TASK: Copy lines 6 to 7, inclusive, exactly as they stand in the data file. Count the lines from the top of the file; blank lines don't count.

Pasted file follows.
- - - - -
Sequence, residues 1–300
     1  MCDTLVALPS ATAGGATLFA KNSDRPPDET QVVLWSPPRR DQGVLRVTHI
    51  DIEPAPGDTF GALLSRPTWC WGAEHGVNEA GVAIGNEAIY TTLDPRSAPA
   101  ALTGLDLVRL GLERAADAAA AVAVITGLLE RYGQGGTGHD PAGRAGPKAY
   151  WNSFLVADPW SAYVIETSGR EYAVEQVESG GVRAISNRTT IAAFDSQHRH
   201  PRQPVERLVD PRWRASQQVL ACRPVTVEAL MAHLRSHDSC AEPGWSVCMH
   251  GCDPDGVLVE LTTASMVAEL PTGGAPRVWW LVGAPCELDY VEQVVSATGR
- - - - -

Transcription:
   201  PRQPVERLVD PRWRASQQVL ACRPVTVEAL MAHLRSHDSC AEPGWSVCMH
   251  GCDPDGVLVE LTTASMVAEL PTGGAPRVWW LVGAPCELDY VEQVVSATGR